If there’s one thing the Phillies aren’t short on in the organization, it’s middle infielders. From Chase Utley to Jimmy Rollins to Cesar Hernandez to Freddy Galvis to (if you grin and bear it) Kevin Frandsen, that’s a handful of players under control in 2014 that can, feasibly, play up the middle.

The only problem, of course, is that only one of those guys is a viable Major League player right now.


  • Frandsen has come up with a big hit from time-to-time, but is 4-for-36 in August and leaves something to be desired on defense.
  • Galvis has a .626 Major League OPS in 364 PA; a .617 career Minor League OPS
  • Hernandez has missed the vast majority of the past month with a wrist injury and will get more looks in center field when he returns

And fine, so three bench guys are playing like bench guys. Their problems and presence on a roster mean relatively little when compared to the struggles of the man expected to be the starting shortstop through next season.

Jimmy Rollins’s offensive problems are not new. Really, he’s never been an exceptional offensive presence any year other than 2007, his three best OPS+es aside from that MVP campaign being 104, 102 and 101. This year, however, things have become rather concerning. Rollins entered Tuesday’s game hitting .246 (3rd-worst) with a .303 OBP (2nd-worst) and .336 SLG (by far a career worst), and went 0-for-3 with a walk. He has five home runs a year after hitting 23, 15 steals after consecutive 30-steal efforts and a 71 percent stolen base rate that’s his worst since 2003. What’s more, if you put stock in advanced fielding metrics, Rollins’s defense has also been significantly substandard in 2013.

Defensive problems – real or imagined – are harder to diagnose. Leaving those aside and focusing solely on offensive performance, where do Rollins’s most glaring flaws now lie?

One of the most glaring issues for me, personally, has to do with something atypically Jimmy. For his career, Rollins has a negligible platoon split (.756 OPS as a LHB, .744 as a RHB). Really, he’s been pretty consistent as a switch-hitter; at least, more so than Shane Victorino. This year, though, the gap is widening a bit, and batting from the right side seems to be the biggest issue. Specifically, Jimmy just hasn’t been able to square up fastballs from left-handed pitchers. Compare the difference against heaters entering Tuesday:

  • As RHB: .215/.282/.292, 13.2% whiff rate, 18.2% line drive rate against 260 fastballs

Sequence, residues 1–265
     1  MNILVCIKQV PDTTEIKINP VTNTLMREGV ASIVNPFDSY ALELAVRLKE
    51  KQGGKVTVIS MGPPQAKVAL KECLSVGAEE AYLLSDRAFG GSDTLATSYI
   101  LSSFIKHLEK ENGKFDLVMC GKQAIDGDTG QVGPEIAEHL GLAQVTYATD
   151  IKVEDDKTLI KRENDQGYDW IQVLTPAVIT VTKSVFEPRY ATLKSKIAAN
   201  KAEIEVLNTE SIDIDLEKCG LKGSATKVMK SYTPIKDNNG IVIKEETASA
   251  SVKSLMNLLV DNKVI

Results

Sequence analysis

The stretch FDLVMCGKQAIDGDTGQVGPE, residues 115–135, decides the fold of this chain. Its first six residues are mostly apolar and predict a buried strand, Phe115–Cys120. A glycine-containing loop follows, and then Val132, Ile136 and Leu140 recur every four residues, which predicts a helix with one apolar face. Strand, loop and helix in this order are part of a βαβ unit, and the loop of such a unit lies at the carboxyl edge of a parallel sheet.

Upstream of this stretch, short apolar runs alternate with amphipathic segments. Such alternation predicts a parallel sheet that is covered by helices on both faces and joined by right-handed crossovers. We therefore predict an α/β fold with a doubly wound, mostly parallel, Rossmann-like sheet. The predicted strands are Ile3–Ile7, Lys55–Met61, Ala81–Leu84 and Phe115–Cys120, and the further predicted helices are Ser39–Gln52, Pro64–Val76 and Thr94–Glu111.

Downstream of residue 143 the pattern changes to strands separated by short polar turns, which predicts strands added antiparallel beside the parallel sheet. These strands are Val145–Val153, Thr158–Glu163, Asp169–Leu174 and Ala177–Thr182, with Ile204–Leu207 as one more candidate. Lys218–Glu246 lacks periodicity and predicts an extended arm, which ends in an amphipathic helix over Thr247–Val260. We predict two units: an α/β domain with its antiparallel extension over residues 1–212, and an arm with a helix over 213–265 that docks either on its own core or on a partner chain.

• As LHB: .238/.291/.359, 7.0% whiff rate, 22.3% line drive rate against 702 fastballs

Disparate, but not insignificant samples show that those struggles are apparent. And really, only the fact that he’s been so bad as a RHB keeps the LHB performance from being cringeworthy on its own.

Not being able to catch up to or square up the heat is typically a very bad thing. If Rollins is dealing with slower bat speed associated with age, this may not improve. But if Steve Henderson or Wally Joyner or whomever finds his or herself occupying the hitting coach position next season is paid to do one thing, it would be to identify and correct what potential problems could be hindering Jimmy. Assuming that’s even possible.

On the whole, the shortstop position doesn’t feature a ton of high-powered bats. The league average shortstop OPSes .685 in 2013, and only four qualified shortstops have an OPS above .800 entering Tuesday. Among those qualified batters who play mostly SS (think Not Ben Zobrist), Rollins stacks up like so:

  • .298 OBP (12th)
  • .331 SLG (15th)
  • .629 OPS (13th)
  • .278 wOBA (14th)

Each of those numbers falls well below the 50th percentile for shortstops.

As a result of being a 10&5 player, Rollins carries a no-trade clause, one he opted not to waive under any circumstances this summer. Whether he changes his tune this winter or by next July obviously remains to be seen. The Phillies are on the hook for $11 million in 2014, plus no less than $5 million in 2015. The 2015 money works as follows, according to Cot’s:

  • Vests for $11M at 500 PA in ’14 and/or 1,100 combined PA in ’13-’14, plus a non-DL status
  • If the PA requirements are not met, the option turns into a club option for $8 million, or a player option for $5 million

That second bullet is complicating, because that $5 million is not a buyout, if the language in Cot’s is correct. Rollins would not be a free agent. That’s obviously a scenario to be dealt with this time next season, but the specter of Rollins potentially being dead money for more than just one more season hangs in the air in a slightly more corporeal form.

Of course, things could improve with an offseason for Rollins to rest whatever ails him. It would just be preferable for the encouraging signs to come before we’re forced to hope against hope for them to come around the bend.

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